With his hooked hand and distinctive appearance, radical preacher Abu Hamza is the best-known of the five men who the European Court of Human Rights ruled Tuesday could be extradited to the US.
Born in Egypt, he moved to Britain around 1979 and had become a familiar sight outside the Finsbury Park mosque in north London by the late 1990s as he gave sermons, gesticulating with the hook which replaces one of his hands.
He lost the hand, and suffered injuries to his eyes, when fighting in Afghanistan as part of a "jihad" against the Soviet occupation.
He came to public attention for his alleged involvement in kidnapping Western tourists in Yemen, and the US believes he helped Al-Qaeda and set up an alleged terror training camp in a remote part of the northwest state of Oregon.
Hamza's outspoken pronouncements, high public profile and appearance led some British newspapers to dismiss him as a motor-mouthed cartoon villain, not taken seriously by the majority of British Muslims.
But one high-ranking officer in London's Metropolitan Police, speaking on condition of anonymity in 2006, said it was a "mistake" to regard him as a "buffoon".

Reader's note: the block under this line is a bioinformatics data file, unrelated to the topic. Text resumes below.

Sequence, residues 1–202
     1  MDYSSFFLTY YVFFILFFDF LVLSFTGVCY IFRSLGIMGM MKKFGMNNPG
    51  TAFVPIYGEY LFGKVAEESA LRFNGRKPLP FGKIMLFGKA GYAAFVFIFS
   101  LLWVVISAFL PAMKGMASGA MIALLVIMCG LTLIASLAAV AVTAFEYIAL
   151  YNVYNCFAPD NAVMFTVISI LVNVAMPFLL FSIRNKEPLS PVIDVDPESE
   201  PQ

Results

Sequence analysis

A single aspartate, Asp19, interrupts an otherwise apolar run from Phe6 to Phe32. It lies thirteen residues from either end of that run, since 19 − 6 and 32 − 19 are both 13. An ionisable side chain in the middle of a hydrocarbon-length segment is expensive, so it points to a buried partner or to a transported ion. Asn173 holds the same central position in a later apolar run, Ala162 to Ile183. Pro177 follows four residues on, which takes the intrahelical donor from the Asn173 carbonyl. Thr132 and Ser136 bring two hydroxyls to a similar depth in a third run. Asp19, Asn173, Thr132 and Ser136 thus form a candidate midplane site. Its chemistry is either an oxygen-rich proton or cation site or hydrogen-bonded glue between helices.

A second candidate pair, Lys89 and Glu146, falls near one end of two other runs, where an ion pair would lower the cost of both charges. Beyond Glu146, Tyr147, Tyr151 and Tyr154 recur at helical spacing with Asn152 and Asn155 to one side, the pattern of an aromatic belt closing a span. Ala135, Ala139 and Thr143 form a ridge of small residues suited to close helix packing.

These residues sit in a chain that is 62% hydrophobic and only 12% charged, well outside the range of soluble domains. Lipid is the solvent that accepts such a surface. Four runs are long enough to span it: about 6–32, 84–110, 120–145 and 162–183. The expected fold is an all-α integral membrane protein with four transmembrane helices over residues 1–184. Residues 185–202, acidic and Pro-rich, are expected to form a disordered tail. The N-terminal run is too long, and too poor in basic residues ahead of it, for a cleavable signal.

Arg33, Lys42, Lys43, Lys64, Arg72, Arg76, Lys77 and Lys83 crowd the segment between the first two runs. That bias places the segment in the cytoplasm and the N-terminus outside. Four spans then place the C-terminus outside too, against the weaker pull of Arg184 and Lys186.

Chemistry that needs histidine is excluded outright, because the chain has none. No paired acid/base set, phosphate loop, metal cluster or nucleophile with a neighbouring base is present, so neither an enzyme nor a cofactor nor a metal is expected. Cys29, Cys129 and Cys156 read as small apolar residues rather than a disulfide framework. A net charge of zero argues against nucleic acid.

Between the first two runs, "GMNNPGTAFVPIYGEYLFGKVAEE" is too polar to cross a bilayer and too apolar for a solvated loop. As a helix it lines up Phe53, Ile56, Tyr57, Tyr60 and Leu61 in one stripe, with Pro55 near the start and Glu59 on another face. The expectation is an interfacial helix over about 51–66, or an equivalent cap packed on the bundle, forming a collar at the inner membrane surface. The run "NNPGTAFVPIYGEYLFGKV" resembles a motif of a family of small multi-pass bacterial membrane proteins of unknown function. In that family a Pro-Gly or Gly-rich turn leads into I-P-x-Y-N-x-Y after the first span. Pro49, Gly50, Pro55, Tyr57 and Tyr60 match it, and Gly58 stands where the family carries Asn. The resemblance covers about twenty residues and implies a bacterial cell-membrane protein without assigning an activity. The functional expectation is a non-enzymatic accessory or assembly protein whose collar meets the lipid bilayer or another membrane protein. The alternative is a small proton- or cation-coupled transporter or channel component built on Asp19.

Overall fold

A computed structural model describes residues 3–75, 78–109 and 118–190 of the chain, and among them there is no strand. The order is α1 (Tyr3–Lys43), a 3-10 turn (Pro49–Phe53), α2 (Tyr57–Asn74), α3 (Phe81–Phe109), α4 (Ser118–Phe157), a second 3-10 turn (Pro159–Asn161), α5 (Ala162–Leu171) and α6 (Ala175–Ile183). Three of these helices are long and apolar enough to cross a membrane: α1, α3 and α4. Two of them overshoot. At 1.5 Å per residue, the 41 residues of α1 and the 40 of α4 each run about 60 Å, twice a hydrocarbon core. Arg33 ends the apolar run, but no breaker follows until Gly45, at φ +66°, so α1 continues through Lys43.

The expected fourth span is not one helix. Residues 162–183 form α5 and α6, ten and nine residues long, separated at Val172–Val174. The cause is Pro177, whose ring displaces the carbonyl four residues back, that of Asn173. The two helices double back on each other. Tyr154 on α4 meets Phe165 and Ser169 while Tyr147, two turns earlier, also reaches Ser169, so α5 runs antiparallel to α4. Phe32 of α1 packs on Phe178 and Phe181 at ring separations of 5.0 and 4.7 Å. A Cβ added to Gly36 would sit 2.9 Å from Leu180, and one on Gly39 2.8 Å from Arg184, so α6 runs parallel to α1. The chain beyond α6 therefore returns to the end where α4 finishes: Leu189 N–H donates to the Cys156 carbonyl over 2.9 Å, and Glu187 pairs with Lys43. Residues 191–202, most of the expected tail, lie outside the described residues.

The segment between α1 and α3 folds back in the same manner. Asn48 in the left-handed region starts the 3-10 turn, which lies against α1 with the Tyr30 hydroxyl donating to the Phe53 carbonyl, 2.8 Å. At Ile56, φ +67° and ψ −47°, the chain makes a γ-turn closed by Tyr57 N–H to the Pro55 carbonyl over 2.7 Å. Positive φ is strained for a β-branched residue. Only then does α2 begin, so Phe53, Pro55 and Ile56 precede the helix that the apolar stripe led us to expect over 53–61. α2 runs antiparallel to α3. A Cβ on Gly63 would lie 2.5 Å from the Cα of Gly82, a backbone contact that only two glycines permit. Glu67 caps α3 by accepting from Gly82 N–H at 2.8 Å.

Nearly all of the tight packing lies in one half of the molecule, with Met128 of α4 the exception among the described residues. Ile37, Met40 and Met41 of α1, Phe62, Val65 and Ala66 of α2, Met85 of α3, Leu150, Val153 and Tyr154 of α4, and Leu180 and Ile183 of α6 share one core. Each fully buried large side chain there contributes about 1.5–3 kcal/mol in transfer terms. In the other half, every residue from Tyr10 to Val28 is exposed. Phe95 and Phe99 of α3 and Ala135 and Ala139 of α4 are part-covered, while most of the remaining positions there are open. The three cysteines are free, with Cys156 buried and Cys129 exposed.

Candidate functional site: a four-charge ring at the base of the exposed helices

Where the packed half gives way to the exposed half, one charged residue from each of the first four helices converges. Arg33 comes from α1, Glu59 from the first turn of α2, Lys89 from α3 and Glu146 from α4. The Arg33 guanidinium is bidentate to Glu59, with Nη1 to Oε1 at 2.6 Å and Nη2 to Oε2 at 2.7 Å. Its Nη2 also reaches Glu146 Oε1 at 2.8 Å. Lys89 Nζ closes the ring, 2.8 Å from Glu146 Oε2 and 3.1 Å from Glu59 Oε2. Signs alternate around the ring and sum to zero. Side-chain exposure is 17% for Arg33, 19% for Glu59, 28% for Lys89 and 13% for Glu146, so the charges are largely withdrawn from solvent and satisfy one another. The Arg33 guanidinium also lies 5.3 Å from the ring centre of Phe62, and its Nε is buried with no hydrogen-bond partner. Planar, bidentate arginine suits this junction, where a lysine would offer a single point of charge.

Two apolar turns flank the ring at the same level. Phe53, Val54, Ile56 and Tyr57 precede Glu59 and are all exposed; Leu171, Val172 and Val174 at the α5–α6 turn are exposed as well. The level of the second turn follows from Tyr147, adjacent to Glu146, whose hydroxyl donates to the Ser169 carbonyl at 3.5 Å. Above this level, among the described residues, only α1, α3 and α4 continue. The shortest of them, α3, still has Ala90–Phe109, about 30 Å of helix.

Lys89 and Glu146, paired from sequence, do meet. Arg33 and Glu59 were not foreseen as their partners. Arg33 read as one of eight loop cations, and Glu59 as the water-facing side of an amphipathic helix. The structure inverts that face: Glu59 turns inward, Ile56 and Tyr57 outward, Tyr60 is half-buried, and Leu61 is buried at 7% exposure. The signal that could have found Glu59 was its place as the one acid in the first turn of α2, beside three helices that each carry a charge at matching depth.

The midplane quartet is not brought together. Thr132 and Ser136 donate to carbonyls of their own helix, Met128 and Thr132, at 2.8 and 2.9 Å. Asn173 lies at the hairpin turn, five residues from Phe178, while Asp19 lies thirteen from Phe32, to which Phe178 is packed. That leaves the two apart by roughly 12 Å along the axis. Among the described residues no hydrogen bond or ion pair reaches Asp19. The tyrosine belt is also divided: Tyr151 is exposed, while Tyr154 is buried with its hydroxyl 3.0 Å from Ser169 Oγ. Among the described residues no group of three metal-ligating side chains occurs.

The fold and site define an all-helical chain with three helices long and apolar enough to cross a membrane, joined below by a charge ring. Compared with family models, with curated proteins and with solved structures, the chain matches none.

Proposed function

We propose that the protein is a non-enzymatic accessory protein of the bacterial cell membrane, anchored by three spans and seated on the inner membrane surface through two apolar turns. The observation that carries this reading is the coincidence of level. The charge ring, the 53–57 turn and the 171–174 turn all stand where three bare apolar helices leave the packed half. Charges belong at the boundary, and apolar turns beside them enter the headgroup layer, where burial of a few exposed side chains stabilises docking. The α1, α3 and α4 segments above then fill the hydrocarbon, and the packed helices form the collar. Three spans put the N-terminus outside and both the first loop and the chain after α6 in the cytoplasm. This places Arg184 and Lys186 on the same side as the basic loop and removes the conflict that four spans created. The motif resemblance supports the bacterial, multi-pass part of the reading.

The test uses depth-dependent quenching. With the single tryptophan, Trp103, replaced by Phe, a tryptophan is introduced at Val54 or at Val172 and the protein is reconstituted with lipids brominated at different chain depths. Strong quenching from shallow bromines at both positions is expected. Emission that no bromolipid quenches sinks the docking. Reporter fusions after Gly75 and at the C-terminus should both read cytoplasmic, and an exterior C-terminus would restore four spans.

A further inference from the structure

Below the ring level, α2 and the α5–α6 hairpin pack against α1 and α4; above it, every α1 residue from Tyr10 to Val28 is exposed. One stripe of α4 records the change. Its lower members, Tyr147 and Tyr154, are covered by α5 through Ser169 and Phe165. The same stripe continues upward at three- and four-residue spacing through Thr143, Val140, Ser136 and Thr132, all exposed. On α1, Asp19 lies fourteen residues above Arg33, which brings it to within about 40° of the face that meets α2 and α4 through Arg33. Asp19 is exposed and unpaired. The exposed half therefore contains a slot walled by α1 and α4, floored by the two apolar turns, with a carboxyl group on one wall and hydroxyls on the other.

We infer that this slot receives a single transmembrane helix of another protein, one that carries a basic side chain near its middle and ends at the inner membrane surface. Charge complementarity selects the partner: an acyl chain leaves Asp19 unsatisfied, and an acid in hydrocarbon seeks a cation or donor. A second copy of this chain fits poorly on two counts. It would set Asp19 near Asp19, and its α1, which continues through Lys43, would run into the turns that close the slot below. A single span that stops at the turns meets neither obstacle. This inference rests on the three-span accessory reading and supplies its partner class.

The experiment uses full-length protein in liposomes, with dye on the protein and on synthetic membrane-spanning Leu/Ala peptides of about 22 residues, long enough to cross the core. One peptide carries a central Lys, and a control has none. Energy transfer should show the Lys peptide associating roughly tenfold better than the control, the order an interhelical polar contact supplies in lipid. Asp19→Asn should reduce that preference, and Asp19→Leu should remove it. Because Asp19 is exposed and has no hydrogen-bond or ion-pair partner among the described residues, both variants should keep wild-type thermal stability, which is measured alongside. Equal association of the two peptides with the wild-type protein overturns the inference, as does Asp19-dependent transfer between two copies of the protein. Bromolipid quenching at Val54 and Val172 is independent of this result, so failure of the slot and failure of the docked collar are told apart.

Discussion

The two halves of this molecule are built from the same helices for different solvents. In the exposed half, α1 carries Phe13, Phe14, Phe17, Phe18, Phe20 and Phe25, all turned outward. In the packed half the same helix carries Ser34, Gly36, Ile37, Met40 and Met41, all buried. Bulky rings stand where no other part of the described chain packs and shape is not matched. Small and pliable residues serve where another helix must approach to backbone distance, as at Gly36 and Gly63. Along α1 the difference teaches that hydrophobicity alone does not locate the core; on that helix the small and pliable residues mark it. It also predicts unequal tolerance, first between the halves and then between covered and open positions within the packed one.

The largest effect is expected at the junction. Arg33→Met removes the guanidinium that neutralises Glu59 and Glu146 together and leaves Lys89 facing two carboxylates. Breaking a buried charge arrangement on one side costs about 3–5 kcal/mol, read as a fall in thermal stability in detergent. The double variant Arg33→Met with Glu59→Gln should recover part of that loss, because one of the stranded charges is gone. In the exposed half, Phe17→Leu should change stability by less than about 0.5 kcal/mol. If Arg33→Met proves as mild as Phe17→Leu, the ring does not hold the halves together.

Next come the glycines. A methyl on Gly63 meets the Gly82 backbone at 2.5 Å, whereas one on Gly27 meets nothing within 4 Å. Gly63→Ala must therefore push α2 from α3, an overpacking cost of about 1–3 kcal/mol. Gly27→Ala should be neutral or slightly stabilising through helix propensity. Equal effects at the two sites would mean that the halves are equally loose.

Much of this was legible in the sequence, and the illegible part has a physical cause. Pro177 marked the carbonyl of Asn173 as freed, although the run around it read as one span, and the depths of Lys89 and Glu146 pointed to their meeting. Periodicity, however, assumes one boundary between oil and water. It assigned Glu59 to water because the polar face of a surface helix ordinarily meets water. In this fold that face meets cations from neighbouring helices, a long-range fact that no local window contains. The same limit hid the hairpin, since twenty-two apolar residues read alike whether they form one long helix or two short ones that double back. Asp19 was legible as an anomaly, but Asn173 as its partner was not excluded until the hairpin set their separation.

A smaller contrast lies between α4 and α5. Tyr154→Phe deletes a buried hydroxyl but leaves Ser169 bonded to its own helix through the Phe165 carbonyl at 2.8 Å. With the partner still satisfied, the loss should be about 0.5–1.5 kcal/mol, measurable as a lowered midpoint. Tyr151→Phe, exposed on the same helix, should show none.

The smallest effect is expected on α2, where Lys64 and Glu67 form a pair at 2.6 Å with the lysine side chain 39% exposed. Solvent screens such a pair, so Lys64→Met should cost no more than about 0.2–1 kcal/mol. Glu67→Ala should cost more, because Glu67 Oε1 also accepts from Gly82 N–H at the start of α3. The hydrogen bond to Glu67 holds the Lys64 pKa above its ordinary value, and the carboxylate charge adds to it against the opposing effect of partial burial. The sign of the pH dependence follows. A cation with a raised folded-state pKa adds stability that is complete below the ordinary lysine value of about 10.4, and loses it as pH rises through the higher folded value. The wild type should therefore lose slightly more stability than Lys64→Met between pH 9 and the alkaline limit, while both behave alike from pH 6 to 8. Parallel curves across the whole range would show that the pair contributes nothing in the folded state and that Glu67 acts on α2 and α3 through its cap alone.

Even if he wasn't "a leader of the global jihad movement", he had significant influence over his followers, the officer explained.
In 2004, Hamza was arrested on a US extradition warrant, which claimed he had tried to set up the camp in Oregon between 1998 and 2000.
But the same year, he was also charged with terrorism offences in Britain, including incitement to murder.
In 2006, he was jailed for seven years after being found guilty on 11 of the 15 terrorism charges in Britain.
Following the trial, Scotland Yard released for the first time photographs of items seized from the Finsbury Park mosque in January 2003 as part of a separate inquiry into a plot to use ricin and other poisons in Britain.
Items found included CS spray, a stun gun, three blank firing pistols, a dummy gun, a military camouflage suit to protect against nuclear, biological or chemical attacks and a gas mask.
Since he was jailed, Hamza has launched a succession of legal challenges against the moves to extradite him to the United States.
In February 2010, authorities seized his house in Greenford, west London, to pay off his legal bills, even though Hamza insisted it did not belong to him.
The legal battle took a potentially decisive step on Tuesday when the European Court of Human Rights ruled that Hamza and four other men could be extradited to the US.
Judges ruled that their human rights would not be violated by the 'supermax' prison in Colorado where they will be sent.
They have three months to appeal, but their appeals are believed to be unlikely to succeed.